Cristian Vasile: ”Balaci held meetings with Communist Party activists from several cities, with cultural personalities, he visited various cultural and arts institutions. Furthermore, he gave lectures at the Higher Party School in Sofia. According to Romanian sources, Alexandru Balaci gave four lectures, at the end of which he had to answer at least 80 questions. There were a couple of questions which, even if they were not tricky, begged for an answer formulated with utmost care, paying special heed to nuances and deep meanings, requiring diplomatic ability. Some of the participants asked questions about the literature of ethnic minorities living in Romania and the stage of cultural relations between Romania and the USSR. But the most interesting question, by far, was the following: what is the Romanian intellectuals’ stance on Socialist Realism? At first sight, there was something anachronistic-dogmatic and provocative about the question, for two reasons: Socialist Realism was the only accepted literary writing method. Associated with Stalinism, it was imposed by the Soviets. In this context, it is worth mentioning that the Bulgarian communists were much closer to the Kremlin than the Romanians. Secondly, Nicolae Ceausescu and the party and cultural bureaucracy had allegedly ceased to demand from intellectuals to stick to the conventions of Socialist Realism. They did so at least at a declarative level. The only writing method of the 1950s had somehow been replaced by Socialist Humanism, which was very often mentioned in party documents and in Ceausescu’s speeches. When hearing the question, Alexandru Balaci seemed rather confused and asked his interlocutors to define Socialist Realism, in the new context.”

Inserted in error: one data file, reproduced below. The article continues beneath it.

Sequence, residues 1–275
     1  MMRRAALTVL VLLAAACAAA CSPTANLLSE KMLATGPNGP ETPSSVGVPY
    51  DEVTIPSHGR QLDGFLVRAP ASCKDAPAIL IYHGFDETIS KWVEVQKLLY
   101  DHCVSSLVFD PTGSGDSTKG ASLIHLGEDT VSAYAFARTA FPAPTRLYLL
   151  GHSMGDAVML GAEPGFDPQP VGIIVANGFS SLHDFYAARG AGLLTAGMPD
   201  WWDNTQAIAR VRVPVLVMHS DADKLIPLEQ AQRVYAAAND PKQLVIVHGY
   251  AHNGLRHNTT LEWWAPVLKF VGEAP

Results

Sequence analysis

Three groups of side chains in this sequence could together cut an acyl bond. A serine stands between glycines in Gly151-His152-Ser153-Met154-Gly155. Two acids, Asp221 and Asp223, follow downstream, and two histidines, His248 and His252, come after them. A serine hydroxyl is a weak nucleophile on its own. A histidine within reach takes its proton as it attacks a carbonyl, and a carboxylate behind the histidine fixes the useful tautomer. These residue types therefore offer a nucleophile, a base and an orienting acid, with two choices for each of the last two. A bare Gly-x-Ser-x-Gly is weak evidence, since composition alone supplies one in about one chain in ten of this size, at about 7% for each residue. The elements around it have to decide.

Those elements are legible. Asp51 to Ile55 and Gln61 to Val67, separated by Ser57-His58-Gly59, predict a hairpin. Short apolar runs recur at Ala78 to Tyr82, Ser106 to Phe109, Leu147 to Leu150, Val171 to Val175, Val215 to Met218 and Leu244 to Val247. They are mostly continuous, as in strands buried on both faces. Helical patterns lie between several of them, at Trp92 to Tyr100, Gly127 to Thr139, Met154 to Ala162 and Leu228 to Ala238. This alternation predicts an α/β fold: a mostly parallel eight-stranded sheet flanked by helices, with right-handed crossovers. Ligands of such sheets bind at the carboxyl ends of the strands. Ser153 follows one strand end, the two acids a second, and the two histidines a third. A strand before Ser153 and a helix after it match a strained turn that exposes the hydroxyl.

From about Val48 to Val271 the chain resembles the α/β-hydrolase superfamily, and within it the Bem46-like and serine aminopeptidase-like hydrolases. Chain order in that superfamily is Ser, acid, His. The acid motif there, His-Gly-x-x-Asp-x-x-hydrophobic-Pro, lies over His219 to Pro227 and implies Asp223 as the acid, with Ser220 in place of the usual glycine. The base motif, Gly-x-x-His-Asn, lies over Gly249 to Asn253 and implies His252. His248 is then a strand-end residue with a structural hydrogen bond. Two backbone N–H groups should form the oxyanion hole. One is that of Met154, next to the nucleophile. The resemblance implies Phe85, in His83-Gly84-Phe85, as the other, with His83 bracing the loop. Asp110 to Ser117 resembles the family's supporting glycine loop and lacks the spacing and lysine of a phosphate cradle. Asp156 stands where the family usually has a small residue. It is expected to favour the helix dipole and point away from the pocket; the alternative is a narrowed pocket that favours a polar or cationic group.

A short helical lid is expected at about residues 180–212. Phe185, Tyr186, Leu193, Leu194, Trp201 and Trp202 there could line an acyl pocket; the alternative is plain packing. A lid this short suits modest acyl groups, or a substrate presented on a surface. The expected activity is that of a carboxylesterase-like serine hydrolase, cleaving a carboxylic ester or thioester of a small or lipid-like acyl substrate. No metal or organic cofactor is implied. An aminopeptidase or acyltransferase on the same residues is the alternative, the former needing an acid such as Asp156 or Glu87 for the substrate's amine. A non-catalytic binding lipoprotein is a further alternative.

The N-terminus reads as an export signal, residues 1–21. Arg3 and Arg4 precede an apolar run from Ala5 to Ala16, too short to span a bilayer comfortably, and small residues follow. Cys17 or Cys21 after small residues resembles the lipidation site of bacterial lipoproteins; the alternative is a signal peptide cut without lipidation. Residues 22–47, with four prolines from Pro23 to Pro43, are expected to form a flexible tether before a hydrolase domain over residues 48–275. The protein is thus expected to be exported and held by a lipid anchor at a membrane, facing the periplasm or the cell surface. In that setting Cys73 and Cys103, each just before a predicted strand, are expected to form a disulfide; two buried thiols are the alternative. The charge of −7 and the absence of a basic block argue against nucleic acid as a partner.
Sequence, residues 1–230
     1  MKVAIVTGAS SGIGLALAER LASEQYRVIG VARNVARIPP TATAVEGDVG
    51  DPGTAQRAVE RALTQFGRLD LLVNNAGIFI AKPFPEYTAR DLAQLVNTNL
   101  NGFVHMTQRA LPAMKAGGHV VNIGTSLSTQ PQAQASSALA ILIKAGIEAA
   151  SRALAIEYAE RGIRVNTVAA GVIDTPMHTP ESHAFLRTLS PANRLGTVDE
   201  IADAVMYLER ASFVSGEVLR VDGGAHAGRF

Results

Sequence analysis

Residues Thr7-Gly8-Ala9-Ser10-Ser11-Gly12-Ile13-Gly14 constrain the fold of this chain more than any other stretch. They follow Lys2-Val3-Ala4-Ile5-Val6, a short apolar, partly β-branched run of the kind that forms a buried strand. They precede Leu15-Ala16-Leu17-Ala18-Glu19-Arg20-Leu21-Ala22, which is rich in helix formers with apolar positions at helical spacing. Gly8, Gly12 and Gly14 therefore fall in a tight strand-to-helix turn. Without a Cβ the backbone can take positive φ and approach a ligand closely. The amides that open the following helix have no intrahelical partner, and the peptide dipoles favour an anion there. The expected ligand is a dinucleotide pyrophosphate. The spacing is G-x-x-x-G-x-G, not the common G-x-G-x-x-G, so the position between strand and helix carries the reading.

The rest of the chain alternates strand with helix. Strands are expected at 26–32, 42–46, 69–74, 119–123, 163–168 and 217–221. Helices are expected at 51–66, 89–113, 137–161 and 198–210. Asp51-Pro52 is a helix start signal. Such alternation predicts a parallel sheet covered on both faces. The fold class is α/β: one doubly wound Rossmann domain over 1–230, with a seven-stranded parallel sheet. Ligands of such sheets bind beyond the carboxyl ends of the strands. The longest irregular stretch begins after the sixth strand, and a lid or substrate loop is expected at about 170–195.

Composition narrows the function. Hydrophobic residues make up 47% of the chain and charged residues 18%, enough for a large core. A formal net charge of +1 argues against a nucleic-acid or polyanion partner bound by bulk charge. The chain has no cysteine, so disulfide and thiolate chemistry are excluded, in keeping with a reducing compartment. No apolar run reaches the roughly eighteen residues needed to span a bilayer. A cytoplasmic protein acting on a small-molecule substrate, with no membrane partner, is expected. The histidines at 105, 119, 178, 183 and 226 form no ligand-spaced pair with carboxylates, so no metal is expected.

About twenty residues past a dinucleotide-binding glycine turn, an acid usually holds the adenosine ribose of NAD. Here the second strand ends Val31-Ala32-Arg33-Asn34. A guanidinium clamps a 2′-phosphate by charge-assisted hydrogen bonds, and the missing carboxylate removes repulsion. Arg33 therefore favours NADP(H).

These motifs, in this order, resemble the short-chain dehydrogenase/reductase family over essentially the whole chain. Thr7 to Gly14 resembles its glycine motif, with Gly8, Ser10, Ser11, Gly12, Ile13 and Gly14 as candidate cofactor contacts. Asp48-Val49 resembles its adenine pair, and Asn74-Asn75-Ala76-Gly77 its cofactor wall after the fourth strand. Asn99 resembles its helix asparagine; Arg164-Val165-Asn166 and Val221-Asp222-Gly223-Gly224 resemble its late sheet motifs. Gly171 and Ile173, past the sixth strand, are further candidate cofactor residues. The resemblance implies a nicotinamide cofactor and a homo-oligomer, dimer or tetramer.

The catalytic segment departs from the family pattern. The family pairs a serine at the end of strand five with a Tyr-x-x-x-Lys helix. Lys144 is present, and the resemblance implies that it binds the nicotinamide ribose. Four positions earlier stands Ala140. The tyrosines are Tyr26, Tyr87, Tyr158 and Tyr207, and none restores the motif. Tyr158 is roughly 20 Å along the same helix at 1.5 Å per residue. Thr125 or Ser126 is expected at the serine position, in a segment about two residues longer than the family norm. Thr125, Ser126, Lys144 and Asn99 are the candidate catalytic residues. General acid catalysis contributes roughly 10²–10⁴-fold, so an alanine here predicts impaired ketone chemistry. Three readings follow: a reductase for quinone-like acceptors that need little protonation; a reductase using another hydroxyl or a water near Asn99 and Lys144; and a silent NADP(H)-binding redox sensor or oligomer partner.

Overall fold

The other case mentioned by historian Cristian Vasile is that of writer Alexandru Ivasiuc, which is, by far, more saddening.